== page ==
The Impact of Music on the Sports World: The Loss of DMX

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In the music world, the term “X-rated” has a far different meaning than one would expect. Friday afternoon, the news broke that Earl “DMX” Simmons had passed away after suffering a heart attack at his home in New York the week before. The iconic rapper had been put on life support in the days leading up to his death. He was 50 years old. DMX not only helped to mold the music industry in the late 90s and early 2000s, but his music and lyrics have continued to have an impact on sports decades later.

The Loss of DMX: Impact of Music on the Sports World

As someone who kept Ruff Ryders Volume 1, 2, and 3 Β in the CD changer of my car throughout high school, it tore at my heart and my love of music to hear the news. After the losses of Tupac and the Notorious B.I.G., DMX had become an icon of rap in the 1990s and 2000s. After hearing the news of his death, I went to Twitter to browse the outpouring of love for the rapper. The very first post was from Bleacher Report, confirming his death. Right after, there were tweets from numerous athletes expressing their sadness for the loss of DMX. A notable one was from Trae Young, point guard for the Atlanta Hawks.

I remember studying one night while I was in college, as I had the TV on in the background. There was a Celtics vs Hawks game on that I wasn’t paying attention to. A few days later, I remember seeing a news report about the Atlanta Hawks, but instead of a play-by-play and highlights of the game, it was an article about the Hawks issuing a public apology for playing an unedited DMX song during a timeout. It had been “family night” at Philips Arena, and well…let’s just say, someone probably got fired after that.

“Obscenities and other inappropriate graphic language were clearly audible to our fans,” the spokesperson for the Hawks said. “And as a result of this, we are deeply sorry,” I remember laughing to myself as I thought about the lyrics in the song. It had become a common occurrence then, as several teams such as the Atlanta Falcons had experienced backlash and criticism for using rap songs with what was deemed “obscene” and “graphic”.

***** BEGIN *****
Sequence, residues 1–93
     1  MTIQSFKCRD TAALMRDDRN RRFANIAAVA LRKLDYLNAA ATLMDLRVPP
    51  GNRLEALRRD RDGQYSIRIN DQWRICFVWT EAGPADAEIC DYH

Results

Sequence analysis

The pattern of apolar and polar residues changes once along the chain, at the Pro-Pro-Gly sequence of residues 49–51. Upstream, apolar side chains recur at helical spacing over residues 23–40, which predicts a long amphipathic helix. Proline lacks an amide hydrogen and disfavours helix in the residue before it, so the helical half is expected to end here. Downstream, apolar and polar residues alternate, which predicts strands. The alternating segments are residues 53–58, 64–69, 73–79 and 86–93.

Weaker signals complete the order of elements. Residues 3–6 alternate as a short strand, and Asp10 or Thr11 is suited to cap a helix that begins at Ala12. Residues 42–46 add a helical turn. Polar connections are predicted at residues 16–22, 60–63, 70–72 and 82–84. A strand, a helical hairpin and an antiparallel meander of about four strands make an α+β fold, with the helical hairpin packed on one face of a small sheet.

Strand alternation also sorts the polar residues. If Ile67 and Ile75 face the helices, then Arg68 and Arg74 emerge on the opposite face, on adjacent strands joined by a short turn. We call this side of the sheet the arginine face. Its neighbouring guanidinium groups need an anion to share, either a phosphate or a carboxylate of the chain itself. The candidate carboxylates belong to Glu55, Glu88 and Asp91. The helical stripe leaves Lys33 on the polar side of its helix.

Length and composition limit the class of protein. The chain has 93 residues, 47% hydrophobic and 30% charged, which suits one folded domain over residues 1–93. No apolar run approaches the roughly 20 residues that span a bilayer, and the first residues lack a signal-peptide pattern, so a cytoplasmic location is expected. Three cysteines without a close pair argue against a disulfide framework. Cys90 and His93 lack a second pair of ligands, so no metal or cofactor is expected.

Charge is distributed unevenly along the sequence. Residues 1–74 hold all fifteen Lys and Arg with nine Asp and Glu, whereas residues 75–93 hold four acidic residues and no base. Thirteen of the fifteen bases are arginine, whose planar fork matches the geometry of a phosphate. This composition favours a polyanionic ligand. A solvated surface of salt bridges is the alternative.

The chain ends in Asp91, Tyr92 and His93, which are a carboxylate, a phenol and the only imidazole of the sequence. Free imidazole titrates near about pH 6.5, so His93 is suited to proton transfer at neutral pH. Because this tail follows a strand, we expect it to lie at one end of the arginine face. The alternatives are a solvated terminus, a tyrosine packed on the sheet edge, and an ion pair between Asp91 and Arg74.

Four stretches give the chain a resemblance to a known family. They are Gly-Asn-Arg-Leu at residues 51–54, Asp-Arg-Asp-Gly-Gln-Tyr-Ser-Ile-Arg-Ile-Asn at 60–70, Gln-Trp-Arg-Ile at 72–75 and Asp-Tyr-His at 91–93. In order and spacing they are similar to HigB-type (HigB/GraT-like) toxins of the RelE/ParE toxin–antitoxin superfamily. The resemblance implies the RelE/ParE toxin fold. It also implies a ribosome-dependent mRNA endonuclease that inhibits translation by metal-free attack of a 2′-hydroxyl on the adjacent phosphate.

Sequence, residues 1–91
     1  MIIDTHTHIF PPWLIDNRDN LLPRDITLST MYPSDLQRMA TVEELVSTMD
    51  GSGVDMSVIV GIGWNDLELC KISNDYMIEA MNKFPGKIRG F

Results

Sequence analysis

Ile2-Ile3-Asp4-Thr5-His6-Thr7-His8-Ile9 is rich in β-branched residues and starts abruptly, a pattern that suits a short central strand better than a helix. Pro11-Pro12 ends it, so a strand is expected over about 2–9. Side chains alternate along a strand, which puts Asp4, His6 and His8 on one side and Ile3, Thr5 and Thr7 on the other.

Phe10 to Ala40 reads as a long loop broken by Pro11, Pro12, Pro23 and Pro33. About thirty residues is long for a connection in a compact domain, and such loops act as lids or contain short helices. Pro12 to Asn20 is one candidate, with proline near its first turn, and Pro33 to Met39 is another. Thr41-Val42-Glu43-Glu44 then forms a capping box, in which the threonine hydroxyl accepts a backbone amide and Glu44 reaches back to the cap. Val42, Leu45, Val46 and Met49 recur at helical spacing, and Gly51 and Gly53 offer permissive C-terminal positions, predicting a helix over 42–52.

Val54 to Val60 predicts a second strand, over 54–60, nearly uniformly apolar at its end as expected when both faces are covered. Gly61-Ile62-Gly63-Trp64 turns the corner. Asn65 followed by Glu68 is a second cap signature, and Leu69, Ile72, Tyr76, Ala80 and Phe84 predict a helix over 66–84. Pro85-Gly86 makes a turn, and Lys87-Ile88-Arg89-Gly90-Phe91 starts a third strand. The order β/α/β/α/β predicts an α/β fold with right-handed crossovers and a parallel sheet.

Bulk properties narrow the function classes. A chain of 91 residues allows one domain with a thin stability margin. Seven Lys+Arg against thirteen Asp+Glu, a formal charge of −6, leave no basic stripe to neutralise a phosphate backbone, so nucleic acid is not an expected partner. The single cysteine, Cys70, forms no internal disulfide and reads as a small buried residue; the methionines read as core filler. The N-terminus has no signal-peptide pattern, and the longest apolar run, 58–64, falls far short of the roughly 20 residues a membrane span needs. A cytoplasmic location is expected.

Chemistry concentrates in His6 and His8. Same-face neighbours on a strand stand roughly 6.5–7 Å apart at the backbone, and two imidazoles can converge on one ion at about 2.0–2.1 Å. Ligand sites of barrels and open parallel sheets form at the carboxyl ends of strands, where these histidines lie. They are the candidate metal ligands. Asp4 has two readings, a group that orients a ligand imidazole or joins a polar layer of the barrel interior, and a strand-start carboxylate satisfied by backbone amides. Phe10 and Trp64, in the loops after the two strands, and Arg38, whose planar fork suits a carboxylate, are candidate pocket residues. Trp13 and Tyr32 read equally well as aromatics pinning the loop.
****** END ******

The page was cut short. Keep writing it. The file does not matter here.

Across Leagues

Throughout my career in sports some twenty years after the release of DMX’s album “It’s Dark and Hell Is Hot”, I had come across countless times I had heard the lyrics of DMX in the sports world. Whether it was in the headphones of a player working out, to a warm-up song before kickoff,Β  or even to competitive cheer routines (the edited version, of course). It was a shock to hear of his sudden health complications a week ago. His death was certainly impactful on many people including other music artists and athletes the same:

Los Angeles Lakers star LeBron James and Kansas City Chiefs safety Tyrann Mathieu were among the athletes to offer their appreciation for DMX after word of his death became public:



The best tweet I have scrolled past since the news broke was from nationally recognized educator Nicolas Ferroni, who tweeted,

“Though DMX never played professional sports, he is responsible for more victories and championships than any other musician ever.”

Music has such a deeper impact on sports than most people realize. Whether it’s the alma mater, a warmup hype song, a closer’s walk-up music, or the inappropriate song they play over the intercom during a timeout, we hear sports. In the infamous words of Baker Mayfield, who quoted the late DMX:

#Browns QB Baker Mayfield on his play after first quarter: β€œJust got back on track. Whatever it takes to win. Stop, drop, shut β€˜em down, open up shop.”

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